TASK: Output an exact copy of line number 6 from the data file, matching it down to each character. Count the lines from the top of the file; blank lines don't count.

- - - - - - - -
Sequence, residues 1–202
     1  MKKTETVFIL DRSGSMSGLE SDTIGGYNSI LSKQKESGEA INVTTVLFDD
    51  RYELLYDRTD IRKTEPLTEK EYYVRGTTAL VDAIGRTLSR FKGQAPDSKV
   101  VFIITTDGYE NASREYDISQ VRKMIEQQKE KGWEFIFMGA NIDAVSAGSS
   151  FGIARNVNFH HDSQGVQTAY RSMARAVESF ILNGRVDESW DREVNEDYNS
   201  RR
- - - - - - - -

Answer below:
   201  RR